Immigration & The Wall; Facts Please?
So having had the obligatory Chinese dinner on Christmas Eve, Christmas Day found my analytical brain pondering the motivations for the governmental shutdown, The Wall, and more broadly, the alleged perils posed by immigrants. Endeavoring not to be biased regarding the purported need to defend my safety, security and nest egg, I wielded the foremost weapon of truth at my immediate disposal: the Google search.
I started by Googling “statistics illegal immigration crime border wall”, to see if facts and/or scholarly accounts support (or otherwise discuss) some sort of causal correlation between illegal immigration and crime, or at least violent crime. I restricted the results to the last 90 days, then the last 30 days, after the all-time results were unsupportive of the President’s basic contention. I changed up the search words, but the finding was inescapable.
The readily available facts do not support the President’s argument that illegal immigrants are people to be feared and loathed. Articles within the last 90 days in such centrist publications as “Business Insider“, “The Sociological Quarterly“, “The CATO Institute” and the emag “Politico” failed to demonstrate or present any facts in support of the President’s premise. In fact, as laid bare in the hyperlinked articles, the opposite seems true, at least statistically.
Still seeking to give a President and his Administration the benefit of the doubt, I used my Googling skills to dig further. Trying not to be pejorative about it, I Googled “Evidence supporting Trump border wall necessity.” I tried that over different date ranges too. A December 11, 2018 Washington Post op-ed summed up the collective upshot of some half-dozen scholarly articles published within the last 30 days, that no facts exist to support the basic contention that illegal immigrants brng an increase in crime and other sociological ills.
I know that some allege that President Trump’s views originate from thinly veiled racism and xenophobia. Google searches with those words yield rich rewards and many cogent interpretations. Many people apparently have written about his alleged racism and/or xenophobia. Fairness and balance are hard to find with those words in the search, though I did try articles saying he was not a racist or xenophobe.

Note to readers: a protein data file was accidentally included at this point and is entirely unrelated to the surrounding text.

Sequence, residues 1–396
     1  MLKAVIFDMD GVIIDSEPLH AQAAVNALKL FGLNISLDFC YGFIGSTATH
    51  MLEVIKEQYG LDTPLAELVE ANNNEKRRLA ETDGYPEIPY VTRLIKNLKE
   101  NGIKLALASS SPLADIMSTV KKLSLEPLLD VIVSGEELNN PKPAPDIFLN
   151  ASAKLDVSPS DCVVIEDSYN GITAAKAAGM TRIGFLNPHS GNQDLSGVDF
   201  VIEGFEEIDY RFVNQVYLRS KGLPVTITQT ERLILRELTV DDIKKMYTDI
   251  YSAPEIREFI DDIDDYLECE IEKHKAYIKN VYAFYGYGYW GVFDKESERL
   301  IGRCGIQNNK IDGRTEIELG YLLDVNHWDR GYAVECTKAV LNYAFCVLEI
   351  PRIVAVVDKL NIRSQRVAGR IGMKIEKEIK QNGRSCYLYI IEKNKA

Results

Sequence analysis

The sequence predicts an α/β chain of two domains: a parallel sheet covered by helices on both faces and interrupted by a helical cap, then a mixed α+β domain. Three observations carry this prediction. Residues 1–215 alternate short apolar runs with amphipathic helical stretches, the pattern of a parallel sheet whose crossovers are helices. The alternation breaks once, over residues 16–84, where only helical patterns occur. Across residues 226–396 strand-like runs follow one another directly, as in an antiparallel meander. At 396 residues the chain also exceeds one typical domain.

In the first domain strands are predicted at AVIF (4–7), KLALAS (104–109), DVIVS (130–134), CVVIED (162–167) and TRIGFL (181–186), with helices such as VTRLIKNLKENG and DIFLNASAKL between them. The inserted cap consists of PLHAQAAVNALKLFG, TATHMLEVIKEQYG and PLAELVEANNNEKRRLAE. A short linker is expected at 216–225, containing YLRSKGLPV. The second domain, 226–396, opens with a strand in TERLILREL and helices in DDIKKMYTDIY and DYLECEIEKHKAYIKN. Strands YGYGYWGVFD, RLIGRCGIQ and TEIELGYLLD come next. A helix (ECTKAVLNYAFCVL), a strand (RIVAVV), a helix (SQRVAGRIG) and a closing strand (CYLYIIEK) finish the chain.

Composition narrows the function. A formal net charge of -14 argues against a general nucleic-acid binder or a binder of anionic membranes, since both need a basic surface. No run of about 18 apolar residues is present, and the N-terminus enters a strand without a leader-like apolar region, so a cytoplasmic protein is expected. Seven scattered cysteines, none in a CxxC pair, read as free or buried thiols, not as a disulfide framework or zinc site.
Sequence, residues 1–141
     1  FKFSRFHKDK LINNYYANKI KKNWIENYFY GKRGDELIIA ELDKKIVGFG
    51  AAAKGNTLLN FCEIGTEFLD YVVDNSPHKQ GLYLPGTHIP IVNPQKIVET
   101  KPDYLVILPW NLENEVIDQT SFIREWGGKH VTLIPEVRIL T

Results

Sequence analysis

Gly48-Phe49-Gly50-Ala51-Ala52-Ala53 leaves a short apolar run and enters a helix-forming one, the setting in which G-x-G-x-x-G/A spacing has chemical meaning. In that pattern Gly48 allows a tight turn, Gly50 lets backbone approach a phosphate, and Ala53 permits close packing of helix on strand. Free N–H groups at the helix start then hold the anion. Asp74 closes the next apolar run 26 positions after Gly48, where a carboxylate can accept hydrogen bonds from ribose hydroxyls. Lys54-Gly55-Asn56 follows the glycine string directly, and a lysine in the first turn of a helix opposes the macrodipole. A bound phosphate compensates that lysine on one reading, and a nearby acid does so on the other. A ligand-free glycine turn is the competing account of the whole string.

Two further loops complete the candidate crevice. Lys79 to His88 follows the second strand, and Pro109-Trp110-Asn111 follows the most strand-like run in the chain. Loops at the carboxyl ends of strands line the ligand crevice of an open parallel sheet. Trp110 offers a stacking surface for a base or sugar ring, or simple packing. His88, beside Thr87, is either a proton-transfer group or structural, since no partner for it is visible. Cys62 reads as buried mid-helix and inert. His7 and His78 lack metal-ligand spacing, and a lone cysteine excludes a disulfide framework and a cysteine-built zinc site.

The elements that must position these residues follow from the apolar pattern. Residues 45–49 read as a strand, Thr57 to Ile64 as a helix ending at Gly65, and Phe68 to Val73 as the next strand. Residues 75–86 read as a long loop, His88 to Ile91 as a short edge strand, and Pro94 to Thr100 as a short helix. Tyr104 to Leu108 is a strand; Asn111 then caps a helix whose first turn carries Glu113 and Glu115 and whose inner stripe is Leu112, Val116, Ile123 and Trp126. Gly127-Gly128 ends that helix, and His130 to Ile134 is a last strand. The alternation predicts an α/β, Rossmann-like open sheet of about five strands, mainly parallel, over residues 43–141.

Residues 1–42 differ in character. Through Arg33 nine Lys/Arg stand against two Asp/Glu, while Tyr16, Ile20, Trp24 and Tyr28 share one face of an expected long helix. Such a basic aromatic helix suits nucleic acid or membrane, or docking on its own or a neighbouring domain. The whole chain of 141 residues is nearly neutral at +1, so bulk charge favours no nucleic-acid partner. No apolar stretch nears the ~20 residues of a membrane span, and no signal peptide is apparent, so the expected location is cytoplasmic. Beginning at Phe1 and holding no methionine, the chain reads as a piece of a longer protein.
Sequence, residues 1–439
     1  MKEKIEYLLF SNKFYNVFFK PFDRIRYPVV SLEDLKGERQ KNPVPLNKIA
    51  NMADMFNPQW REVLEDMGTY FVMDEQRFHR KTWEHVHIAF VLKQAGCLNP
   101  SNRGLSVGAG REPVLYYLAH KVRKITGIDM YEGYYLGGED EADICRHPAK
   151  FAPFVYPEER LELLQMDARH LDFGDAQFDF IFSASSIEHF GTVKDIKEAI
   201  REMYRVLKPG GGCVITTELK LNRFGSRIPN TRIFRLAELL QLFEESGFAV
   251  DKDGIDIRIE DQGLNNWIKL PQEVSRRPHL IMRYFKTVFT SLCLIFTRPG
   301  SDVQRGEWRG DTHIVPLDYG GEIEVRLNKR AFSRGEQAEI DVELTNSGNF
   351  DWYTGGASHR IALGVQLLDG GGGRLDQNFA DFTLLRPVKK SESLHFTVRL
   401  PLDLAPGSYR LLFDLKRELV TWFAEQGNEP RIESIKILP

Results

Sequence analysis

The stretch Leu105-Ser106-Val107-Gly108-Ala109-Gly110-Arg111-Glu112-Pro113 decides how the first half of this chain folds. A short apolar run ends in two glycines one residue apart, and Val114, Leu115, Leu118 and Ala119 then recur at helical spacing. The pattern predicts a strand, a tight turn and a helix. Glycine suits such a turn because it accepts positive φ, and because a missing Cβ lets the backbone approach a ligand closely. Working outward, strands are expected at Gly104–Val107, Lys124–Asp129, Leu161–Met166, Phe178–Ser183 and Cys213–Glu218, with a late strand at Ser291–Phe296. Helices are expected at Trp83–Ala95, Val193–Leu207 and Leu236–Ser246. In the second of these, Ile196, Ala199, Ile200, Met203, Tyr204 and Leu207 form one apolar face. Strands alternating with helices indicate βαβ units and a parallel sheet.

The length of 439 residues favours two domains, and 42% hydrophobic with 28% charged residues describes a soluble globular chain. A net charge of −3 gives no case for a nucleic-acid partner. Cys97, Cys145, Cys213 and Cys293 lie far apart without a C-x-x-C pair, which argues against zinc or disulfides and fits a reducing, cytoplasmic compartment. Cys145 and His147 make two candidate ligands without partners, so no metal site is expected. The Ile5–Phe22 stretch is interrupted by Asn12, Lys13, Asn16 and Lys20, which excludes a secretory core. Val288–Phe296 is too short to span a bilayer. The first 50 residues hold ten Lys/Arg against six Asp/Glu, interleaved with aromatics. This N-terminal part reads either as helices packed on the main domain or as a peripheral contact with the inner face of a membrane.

Back to the wall. I am not and never will be a politician. I do not viscerally understand political promises, their importance and the failure of their lack of fulfillment in the eyes of one’s supporters. Seemingly the Trump campaign promise of a border wall remains important to certain members of the conservative media and thus, to him. For otherwise, his position has not been logically supported and defended with any facts I can find in a Google search.
Facts I can find. Via a Google search. Yeah, maybe I have a wee methodology problem. So tonight, I innocently asked my family at dinner, “Do you think a Google search is intrinsically politically biased?” I got a resounding chorus of, “Have you had your head in the sand? It’s a common allegation by the President and his political allies.” So circular as it may be, I set about to Googling the bias of a Google search.
“Is Google biased?”, sure enough, returned a plethora of web sites, articles, views and opinions. Sifting through might be the topic for another blog. For now, my son’s view (he is a Computer Science major) seems fair enough: Google searches reflect the cross-section of their user population. People who search on Google may be younger and more educated, and therefore possibly more liberal, than society as a whole. Maybe.
Meanwhile, we still have a government shutdown over an expensive political promise not kept, given that Mexico will not pay for it after all. Alas.